Food safety and quality assurance leaders are competing for a finite number of dollars within their respective organizations. Securing support or funding for new equipment, training or personnel can be challenging. Understanding the competing pressures and needs of corporate leaders can help FSQA professionals get their message across and ensure a commitment to food safety.
At the 2022 Food Safety Consortium in October, Deb Coviello, CEO, founder and business advisor at The Drop In CEO, moderated a panel discussion “Communicating to the C-Suite.” Panelists Peter Begg, senior vice president of quality and food safety at Hearthside Food Solutions, Melanie Neumann, JD, executive vice president and general counsel of Matrix Sciences International, and Ann Marie McNamara, vice president of food safety and quality for supply chain, manufacturing and commercialization at U.S. Foods, shared their tips and best practices for getting your message across in the board room.
When approaching the C-suite with updates and asks for financial support, you want to be both confident and concise. “If you can’t explain in five to seven slides what you need and why, you will lose them,” said Begg. “And it is very likely that you yourself do not understand the issue or are unclear of the implications and what the C-suite needs to know.”
McNamara tries to keep it to one slide and encourages FSQA professionals to: know your audience, stick to the facts, and communicate like an executive by using their terms and focusing on goals and metrics.
“You have to take off your FSQA hat and put on your business hat,” she said. “You can’t just be a technical expert, you need to be a translator and communicate the technical into business terms.”
Equate Risk to Dollar Amounts
If your consumers are at risk due to poor training, difficult-to-clean equipment or other concerns, you need to quickly equate the risk to a dollar amount when communicating with the C-suite. “You can use baseline data to quantify your risks,” said Neumann. For example, if you have a problematic piece equipment, look at the frequency and likelihood of inspection and the potential findings, and share this information as part of your presentation.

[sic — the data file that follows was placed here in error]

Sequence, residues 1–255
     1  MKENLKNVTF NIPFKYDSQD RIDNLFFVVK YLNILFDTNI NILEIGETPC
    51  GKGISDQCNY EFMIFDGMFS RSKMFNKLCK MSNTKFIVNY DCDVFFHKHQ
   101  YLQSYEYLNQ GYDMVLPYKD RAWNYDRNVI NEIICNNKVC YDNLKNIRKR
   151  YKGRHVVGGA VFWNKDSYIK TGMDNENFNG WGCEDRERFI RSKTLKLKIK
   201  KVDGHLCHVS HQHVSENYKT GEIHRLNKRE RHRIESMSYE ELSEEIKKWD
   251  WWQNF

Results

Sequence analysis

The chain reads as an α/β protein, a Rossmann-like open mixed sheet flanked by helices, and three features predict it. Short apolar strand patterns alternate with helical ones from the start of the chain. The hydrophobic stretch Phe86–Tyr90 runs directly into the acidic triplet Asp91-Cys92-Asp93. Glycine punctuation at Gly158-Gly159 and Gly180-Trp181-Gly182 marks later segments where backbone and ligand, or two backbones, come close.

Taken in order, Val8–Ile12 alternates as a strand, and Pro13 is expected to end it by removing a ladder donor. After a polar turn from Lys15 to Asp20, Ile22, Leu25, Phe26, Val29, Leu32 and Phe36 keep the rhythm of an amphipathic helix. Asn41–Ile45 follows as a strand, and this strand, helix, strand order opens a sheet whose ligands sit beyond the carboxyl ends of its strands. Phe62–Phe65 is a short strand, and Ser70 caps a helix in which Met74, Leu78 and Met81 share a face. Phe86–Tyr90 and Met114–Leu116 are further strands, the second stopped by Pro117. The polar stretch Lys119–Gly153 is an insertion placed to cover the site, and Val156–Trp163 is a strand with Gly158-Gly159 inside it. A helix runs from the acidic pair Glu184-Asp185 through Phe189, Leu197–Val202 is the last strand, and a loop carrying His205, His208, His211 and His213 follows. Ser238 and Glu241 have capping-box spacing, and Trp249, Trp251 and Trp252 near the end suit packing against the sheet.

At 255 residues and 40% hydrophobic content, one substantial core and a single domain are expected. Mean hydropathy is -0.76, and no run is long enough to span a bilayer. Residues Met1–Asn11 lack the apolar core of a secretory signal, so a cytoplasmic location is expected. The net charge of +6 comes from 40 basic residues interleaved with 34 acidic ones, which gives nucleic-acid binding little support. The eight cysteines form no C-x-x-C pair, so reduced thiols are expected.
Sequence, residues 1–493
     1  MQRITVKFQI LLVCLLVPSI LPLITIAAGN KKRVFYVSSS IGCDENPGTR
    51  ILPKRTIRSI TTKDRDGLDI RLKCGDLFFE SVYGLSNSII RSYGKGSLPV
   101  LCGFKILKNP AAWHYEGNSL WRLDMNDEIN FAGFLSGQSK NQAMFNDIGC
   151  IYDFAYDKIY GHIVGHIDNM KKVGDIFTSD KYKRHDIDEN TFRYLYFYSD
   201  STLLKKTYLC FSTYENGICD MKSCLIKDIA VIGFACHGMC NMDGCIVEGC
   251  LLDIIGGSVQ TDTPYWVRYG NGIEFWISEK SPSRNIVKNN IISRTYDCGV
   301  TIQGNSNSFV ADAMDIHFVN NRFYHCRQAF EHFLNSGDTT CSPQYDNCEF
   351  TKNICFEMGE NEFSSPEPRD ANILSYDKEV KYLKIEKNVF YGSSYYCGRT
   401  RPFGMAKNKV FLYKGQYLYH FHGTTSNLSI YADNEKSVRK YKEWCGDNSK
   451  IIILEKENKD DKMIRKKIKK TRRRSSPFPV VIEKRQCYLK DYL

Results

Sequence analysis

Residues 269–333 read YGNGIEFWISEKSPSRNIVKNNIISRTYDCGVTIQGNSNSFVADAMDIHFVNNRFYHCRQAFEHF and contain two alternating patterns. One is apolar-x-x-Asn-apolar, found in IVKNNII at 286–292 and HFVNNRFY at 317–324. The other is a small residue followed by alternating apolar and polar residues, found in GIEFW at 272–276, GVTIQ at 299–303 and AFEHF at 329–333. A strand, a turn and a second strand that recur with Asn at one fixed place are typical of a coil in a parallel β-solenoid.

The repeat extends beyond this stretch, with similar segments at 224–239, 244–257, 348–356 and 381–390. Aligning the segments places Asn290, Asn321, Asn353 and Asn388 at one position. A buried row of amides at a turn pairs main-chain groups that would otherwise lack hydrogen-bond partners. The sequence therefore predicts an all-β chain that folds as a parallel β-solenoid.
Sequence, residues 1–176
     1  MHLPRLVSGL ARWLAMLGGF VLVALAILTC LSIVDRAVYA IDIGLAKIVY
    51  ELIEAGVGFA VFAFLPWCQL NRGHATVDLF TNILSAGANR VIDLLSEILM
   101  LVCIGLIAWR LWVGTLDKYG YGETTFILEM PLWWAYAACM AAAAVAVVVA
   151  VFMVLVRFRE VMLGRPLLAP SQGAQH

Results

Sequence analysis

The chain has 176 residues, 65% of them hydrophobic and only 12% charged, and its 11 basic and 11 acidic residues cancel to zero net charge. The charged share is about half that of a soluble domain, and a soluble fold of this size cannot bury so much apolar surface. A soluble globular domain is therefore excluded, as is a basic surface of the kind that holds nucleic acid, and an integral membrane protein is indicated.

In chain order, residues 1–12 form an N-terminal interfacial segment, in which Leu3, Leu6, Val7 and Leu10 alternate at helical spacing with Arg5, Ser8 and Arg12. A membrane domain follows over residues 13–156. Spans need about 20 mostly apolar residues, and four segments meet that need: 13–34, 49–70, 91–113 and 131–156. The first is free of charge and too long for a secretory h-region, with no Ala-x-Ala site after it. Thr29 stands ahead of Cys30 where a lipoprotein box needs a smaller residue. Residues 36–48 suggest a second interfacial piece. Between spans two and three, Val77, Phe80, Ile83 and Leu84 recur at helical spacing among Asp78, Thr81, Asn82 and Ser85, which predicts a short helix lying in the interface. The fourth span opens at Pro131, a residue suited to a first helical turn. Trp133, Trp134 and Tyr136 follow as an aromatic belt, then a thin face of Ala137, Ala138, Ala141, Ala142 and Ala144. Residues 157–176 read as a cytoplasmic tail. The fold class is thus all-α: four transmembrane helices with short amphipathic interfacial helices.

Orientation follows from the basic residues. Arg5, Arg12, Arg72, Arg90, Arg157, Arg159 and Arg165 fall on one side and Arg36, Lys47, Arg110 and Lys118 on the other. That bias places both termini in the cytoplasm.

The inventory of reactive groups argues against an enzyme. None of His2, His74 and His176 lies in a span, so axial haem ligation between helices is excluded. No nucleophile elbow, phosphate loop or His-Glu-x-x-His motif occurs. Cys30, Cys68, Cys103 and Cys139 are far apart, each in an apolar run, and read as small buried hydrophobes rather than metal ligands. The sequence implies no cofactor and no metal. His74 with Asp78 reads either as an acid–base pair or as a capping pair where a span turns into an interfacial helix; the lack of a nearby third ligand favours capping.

She follows a “go back to kindergarten” strategy to help develop a compelling presentation: learn and share the basic math, follow your ABCs by using clear, concise language and “do some show and tell,” said Neumann. In one instance, she brought a joint with multiple weld points from the floor to the board room to illustrate why this particular piece of equipment was so difficult to sanitize and had become a site of contamination. The leadership agreed to replace it.
“You need to be specific, and pick your battles,” said Neumann. “For example, if you need more ‘help,’ what does that look like—do you need more people, more training, a new system?”
Building Your Confidence
Standing in front of a group of executives to fight for your department can be intimidating. If public speaking is not your forte, practice speaking in front of a group. “Share your presentation with your team and ask what questions they would have to get feedback and input,” said McNamara.
Doing regular check-ins with the CFO regarding future resource needs, rather than waiting for a quarterly or annual presentation opportunity, can help you get a headstart on coming asks. In fact, developing relationships with all C-suite leaders is key to keeping food safety needs top of mind. “Introduce yourself to new leaders and understand how they want to be communicated with (i.e., text, email, phone),” said Begg. “Do regular check-ins with leadership and recommend quarterly presentations to keep them up to date.”
While all three panelists encouraged FSQA professionals to avoid getting emotional and focus on the facts as well as dollars and cents, you do want to remind executives of the impact of failure to act on food safety concerns. “Explain the financial risks and speak in terms of the impact to them, ‘What we want everyone in the company to understand is your loved ones are eating this food,’” said Begg.
What does food safety look like? As we enter the New Era of Smarter Food Safety, the elements around food safety behaviors, beliefs and attitudes are a bit elusive, making them challenging for the industry to define. For years, companies have provided messaging around food safety to clarify what food safety should look like for their team members. In reality, most of the statements are around the outcomes organizations want to see.
Food Safety and Quality are our number one priority.
We strive to meet and exceed all food safety & quality standards.
We are committed to producing high-quality, safe food.
Food safety is everyone’s responsibility.
While these messages may provide clarity around the organization’s beliefs and/or intended outcomes around food safety, how do these messages translate into how food safety behaviors, beliefs, and attitudes show up on a day-to-day basis?